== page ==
All Their Flaws Are Laid BareBy TOM KIELTY, <!A HREF="" TARGET=_blank>Boston Globe, July 23rd, 2001.
Tweeter Center, Mansfield
Saturday, July 21, 2001
Boston's love affair with Barenaked Ladies is tried and true. From the pandemonium surrounding their 1998 City Hall Plaza appearance, for which some 80,000 fans showed up, to two sold-out nights at the FleetCenter to usher in this new year, the region's love of the Ladies is undeniable.
But a sold-out performance at the Tweeter Center on Saturday night still does not answer the question, "Why?" The Canadian five-piece played a nearly two-hour set that demonstrated an undeniable talent for pop melodies but at the same time seemed as focused on the vaudevillian comedy as the music.
"We're glad to finally play Boston," guitarist Ed Robertson joked at the beginning of the evening, "We always seem to miss it."
Clad in hip postlounge attire, the band then launched into "The Old Apartment," a fan favorite that found Robertson and guitarist/singer/cofounder Steven Page enthusiastically demonstrating some fancy footwork.
The fact that any edges to the song had been sanded into listener-friendly curves did not seem to dishearten the devoted, who happily bopped along to the song's message of melancholy.
Barenaked Ladies enjoy a remarkable intimacy with their audience, nearly every selection providing some opportunity for audience singalong. Even their seemingly well-rehearsed stage banter is user friendly. Robertson at one point used a fan banner to work himself, Page, and drummer Tyler Stewart into an excited discussion of white meat, the survival film "Alive," and finally robotic dogs. The robotic-dog chat led into a jammy improvisation reminiscent of Phish's earliest inanities, which fans embraced wholeheartedly.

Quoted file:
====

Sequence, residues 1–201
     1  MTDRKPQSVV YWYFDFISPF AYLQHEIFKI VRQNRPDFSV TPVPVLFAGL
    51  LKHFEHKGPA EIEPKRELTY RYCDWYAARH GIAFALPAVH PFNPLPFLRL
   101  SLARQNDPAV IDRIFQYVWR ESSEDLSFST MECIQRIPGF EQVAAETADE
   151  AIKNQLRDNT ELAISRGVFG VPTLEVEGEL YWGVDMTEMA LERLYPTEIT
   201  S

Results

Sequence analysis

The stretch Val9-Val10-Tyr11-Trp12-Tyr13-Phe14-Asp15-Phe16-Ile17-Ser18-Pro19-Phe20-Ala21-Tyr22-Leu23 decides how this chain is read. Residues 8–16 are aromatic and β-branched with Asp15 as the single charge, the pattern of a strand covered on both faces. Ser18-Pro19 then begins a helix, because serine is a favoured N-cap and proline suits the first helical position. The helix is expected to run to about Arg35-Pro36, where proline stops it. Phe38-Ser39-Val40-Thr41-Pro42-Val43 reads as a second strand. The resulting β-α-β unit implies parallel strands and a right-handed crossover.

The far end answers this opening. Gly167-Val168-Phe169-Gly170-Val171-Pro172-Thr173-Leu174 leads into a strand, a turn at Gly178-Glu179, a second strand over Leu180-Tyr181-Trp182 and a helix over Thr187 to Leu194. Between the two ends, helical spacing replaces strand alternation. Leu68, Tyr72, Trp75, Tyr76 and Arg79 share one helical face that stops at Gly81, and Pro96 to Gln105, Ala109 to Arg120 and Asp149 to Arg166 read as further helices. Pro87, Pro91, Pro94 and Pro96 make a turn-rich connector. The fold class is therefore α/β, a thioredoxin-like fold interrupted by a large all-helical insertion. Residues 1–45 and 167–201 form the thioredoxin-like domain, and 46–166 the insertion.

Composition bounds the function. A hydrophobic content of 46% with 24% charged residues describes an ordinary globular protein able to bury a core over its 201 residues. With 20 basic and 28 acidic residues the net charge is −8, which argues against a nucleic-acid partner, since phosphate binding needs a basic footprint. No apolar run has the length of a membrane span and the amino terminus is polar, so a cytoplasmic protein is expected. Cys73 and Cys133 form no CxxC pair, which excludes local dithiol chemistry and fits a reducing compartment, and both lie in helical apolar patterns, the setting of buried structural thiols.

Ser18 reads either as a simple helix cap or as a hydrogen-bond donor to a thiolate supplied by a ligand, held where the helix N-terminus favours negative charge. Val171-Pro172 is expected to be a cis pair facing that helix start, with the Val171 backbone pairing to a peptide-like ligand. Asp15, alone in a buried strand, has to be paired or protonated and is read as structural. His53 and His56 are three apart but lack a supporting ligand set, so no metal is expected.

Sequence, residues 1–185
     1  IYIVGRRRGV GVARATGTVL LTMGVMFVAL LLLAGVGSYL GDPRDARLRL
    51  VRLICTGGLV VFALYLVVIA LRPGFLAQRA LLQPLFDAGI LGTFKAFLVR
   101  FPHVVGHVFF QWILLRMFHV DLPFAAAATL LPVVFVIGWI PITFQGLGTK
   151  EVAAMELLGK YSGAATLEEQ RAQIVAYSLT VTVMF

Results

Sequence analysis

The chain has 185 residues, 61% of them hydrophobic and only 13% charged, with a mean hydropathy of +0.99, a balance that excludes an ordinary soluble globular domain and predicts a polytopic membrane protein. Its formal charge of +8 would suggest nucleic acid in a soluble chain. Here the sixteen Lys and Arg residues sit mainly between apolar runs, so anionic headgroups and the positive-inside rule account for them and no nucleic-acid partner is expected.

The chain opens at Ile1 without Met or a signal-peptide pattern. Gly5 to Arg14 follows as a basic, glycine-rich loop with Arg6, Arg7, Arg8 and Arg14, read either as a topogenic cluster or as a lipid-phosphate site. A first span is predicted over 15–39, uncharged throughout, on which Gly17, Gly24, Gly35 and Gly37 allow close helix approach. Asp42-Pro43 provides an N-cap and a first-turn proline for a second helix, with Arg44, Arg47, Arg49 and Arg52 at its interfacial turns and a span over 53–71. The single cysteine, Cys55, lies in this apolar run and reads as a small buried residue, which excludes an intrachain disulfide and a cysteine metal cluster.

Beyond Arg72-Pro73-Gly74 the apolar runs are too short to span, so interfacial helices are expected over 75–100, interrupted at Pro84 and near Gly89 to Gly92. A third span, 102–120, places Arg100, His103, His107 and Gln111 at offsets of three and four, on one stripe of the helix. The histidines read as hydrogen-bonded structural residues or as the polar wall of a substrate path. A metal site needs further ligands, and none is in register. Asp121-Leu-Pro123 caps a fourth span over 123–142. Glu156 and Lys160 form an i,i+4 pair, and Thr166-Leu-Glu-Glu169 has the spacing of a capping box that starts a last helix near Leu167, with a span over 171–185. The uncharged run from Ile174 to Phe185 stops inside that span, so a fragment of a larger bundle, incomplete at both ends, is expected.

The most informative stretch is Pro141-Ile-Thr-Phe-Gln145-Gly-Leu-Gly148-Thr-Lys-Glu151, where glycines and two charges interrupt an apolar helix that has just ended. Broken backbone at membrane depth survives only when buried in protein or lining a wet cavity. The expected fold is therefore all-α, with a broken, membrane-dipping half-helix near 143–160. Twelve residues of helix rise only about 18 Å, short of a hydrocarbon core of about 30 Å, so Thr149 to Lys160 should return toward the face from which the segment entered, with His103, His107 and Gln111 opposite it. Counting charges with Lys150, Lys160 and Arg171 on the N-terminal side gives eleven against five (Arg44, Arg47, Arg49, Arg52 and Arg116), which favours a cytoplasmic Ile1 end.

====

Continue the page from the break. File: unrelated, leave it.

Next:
This reaction begs the question: Which came first, the music or the jokes? During moments such as "Alcohol," when Stewart and bassist Jim Creeggan locked into a substantial groove, the band seemed inspired. At other points, however, the band's shtick was so sappy, fans' feet appeared stuck to the floor (perhaps this accounted for the minimal dancing in the Tweeter pavilion seats).
To their credit the band continues to explore new possibilities in an attempt to move beyond novelty fame. "Too Little, Too Late" was a sincere swipe at alt-country, and keyboardist Kevin Hearn provided tasteful touches throughout the evening, though one wonders what inspires a solo comprised of stadium organ standards and the theme to a 1970s Old Spice television commercial.
Page's take on white-boy soul, "Shoebox," would be an ambitious undertaking for most singers, and if the audience response validated a valiant effort he should nonetheless rest assured that this was not an effort that would sell in Memphis. The band then discussed the recent goings-on in Provincetown regarding nude beaches, prompting a prolonged video image of a male fan in Barenaked halter top, before closing out their set with the hit "If I Had a Million Dollars."
The encore rolled quickly toward the inevitable evening closer, "Brian Wilson." As the group contemplated the troubled genius behind the Beach Boys, it occurred that an ode to Jimmy Buffett might have been more appropriate.
Vertical Horizon warmed up attendees' vocal chords with their own audience-participatory hit, "Everything You Want," while BNL's Canadian countrywoman Sarah Harmer shone in the evening's first, criminally under attended set.